I tried blanching and freezing a few shoots last spring time and they stored well. Bamboo shoots are not exactly full of rich flavours and are more of a subtle and textural addition to stir-fries. My home prepared version is easily equal to tinned bamboo shoots, maybe superior because I keep them slightly crisper. This spring I am preparing more because I can see they would be a pleasant addition to salads and platters as well.

Top photo – prepared shoots waiting to be blanched. Bottom right, a bucket load of fresh shoots only yielded enough for 14 meals. Bottom left – the shoot is sliced lengthwise and then peeled.

Mark brought in bucket of young shoots and it yielded 14 packages for freezing – each being more or less equivalent to a standard sized can. They are easy to prepare. I slice vertically and then peel off the outer layers until just the lattice centre remains. At this stage, as Mark said, they rather resemble a pagoda in form. I slice them into centimetre thick lengths.

The pagoda look of a fresh bamboo shoot

I checked the internet for recipes. Bamboo shoots can be bitter and are not palatable fresh and raw. But I covered them with cold water and added a tablespoon of sugar, bringing them to the boil and simmering them for about eight minutes. I then discarded that water and covered them with fresh, cold water and a couple of teaspoons of salt. They were then brought back to the boil for another couple of minutes, then cooled and packed in meal-sized quantities, adding a little of the cooking brine. They are in the freezer. That is all it took. The bamboo season is but brief and we are eating freshly freshly blanched baby shoots this evening with dinner.

Bamboo scaffolding on a Hong Kong street

Each time we transit Hong Kong, we pause in awe to admire the bamboo scaffolding that often encases high rise buildings. It seems unlikely that Health and Safety inspectors in the western world would ever accept the use of bamboo scaffolding but it has a proven track record and would be a great deal lighter and easy to assemble and move than the heavy pipe scaffolding used in this country.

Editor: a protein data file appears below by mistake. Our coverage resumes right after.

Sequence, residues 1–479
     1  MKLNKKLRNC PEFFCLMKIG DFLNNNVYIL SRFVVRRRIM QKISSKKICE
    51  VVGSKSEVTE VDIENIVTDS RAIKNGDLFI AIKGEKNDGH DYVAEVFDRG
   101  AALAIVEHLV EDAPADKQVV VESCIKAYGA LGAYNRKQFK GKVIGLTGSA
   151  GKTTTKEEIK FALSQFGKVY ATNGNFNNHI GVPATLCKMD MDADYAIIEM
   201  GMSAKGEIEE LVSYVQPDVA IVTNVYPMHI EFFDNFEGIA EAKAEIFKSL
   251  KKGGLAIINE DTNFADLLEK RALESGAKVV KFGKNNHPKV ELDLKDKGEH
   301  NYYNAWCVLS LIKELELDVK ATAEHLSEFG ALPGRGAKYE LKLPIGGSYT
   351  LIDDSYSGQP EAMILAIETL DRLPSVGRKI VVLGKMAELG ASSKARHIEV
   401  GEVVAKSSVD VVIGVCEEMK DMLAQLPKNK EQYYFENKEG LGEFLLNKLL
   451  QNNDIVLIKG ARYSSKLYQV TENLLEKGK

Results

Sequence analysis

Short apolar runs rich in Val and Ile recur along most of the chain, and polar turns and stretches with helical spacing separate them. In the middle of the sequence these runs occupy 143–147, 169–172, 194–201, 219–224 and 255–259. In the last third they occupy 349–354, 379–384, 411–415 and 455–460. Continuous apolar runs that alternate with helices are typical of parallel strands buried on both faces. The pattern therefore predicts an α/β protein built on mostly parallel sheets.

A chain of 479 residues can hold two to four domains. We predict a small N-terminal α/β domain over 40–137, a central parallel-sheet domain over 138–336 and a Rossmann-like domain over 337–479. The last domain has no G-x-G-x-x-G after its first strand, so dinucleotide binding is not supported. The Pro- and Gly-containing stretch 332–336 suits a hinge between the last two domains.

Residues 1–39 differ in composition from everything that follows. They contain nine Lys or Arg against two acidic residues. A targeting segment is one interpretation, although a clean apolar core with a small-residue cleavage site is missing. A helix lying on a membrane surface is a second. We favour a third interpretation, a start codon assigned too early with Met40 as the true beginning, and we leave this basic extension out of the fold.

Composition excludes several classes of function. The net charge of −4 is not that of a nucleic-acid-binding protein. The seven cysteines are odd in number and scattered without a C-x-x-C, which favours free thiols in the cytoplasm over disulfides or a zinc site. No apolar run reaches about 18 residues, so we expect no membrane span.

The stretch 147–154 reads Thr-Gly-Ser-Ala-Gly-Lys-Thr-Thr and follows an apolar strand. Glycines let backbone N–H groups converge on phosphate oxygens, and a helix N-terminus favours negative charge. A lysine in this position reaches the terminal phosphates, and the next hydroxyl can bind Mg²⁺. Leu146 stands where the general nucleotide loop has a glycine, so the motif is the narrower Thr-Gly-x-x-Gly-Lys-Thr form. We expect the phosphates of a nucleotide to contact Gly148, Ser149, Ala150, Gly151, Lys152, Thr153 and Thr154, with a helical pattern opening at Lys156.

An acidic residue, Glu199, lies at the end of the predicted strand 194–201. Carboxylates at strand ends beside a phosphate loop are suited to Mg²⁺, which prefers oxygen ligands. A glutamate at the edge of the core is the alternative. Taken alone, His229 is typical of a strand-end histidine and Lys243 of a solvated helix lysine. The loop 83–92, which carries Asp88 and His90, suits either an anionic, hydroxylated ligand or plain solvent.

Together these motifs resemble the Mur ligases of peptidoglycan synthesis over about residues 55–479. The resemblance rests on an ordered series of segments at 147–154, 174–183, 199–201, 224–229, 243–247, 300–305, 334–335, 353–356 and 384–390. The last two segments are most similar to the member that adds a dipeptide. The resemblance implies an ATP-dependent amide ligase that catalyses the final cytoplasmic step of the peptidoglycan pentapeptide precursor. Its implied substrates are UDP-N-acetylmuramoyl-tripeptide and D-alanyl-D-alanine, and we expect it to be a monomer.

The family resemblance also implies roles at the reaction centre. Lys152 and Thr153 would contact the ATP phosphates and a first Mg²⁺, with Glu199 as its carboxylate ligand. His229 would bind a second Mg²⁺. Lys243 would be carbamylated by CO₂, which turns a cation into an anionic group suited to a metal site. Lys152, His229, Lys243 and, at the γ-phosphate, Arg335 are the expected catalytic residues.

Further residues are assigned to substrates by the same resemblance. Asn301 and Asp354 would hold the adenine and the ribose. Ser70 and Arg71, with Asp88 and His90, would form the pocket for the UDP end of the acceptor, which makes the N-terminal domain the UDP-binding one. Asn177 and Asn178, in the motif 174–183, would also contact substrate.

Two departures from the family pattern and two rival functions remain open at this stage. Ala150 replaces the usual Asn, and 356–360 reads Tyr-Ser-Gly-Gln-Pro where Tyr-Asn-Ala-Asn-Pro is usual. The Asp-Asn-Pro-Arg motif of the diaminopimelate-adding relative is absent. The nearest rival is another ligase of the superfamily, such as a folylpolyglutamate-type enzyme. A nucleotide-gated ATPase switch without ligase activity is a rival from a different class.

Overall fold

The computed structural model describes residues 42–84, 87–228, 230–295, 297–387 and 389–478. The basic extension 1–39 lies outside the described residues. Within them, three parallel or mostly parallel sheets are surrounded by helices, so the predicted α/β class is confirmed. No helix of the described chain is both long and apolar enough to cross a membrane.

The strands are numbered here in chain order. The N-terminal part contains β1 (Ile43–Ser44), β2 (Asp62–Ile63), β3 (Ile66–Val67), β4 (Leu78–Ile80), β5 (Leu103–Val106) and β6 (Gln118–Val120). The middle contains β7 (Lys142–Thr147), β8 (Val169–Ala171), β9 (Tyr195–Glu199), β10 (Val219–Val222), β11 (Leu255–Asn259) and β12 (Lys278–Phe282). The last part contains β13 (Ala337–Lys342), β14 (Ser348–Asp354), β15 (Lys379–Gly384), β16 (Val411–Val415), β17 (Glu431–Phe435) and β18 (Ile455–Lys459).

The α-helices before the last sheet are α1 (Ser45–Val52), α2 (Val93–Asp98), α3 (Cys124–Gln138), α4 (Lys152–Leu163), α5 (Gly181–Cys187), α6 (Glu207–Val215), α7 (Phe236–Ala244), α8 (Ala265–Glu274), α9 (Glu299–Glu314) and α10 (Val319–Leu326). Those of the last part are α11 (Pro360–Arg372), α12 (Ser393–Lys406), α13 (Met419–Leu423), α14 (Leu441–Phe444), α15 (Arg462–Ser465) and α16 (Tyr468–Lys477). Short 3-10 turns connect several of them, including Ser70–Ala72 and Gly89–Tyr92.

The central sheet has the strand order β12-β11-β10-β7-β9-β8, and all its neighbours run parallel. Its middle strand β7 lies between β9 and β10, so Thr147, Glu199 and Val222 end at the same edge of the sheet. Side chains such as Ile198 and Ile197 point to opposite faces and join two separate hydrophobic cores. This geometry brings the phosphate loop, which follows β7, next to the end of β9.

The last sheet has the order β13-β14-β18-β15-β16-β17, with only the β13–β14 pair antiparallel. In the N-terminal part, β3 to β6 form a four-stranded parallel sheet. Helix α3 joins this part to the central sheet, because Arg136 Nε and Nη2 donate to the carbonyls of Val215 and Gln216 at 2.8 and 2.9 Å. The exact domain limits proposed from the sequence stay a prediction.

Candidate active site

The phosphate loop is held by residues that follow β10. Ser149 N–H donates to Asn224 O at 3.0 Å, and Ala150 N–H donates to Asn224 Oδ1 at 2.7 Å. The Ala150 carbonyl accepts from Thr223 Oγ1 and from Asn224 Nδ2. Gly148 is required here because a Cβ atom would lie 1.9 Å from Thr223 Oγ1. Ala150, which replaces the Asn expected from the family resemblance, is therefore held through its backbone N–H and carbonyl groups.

Vegeconomy

This scene reflects experience and resources

Vegeconomists are people who suggest that the poor should be growing their own food at home. I had not heard the word until it came up on social media this week but boy, I have heard the sentiment. Often. Usually in the context of, “What is wrong with these people? Why don’t they just get off their chuffs and plant potatoes and cabbages in the garden to feed themselves?” (Can you tell it is election time in this country and one of the big issues is the rising incidence of poverty and the growing gulf between the rich and the poor?)

There are many, many good reasons to grow your own vegetables but saving money is not usually one of them. And I would bet that the judgemental vegeconomists I have heard on this matter have not actually done it themselves. Or if they have, it was when the world was a very different place forty years ago and they are now speaking with a rosy glow of smug nostalgia.

Just one section of Mark’s various vegetable patches

It is not impossible to save money growing your own veg but it takes experience, timing, the right conditions, planning and a fair amount of good fortune. And good land. I dispute that you can save money on a square metre of garden and a few pots. Mark is of the view that it is possible to save money on winter salads. We eat salad every day, fresh from his garden, and the daily fresh greens and other raw ingredients would indeed command a premium in the off season at the supermarket or greengrocer. Mark has been vegetable gardening since we moved out to a country cottage the first year we got married so he brings over four decades of experience to the edible garden. These days, with more time and a lifetime of resources, – including things like moveable cloche frames, a propagation house, bird netting and plenty of posts and poles to hold the netting up, a fully functioning compost heap plus a small tractor to cart the compost if more than a few barrow loads are needed, along with plenty of good land with good shelter – yes, these days his vegetable gardening is very productive.

Sorting the apples for winter storage (in the second fridge)

We have also learned which vegetables and fruit store well and how to eat with the seasons. And that involves a deep freeze and a second fridge. We ate the last apple from autumn this week, the last frozen asparagus from November 2016 and I think there is only one packet of frozen broad beans left though there is still plenty of frozen corn. We are eating soy beans instead of borlottis this year because the borlotti bean crop failed but the soy bean crop was remarkably good. There is still an open verdict on the success or otherwise of the surplus brussel sprout crop which is fermenting into sauerkraut at this very moment.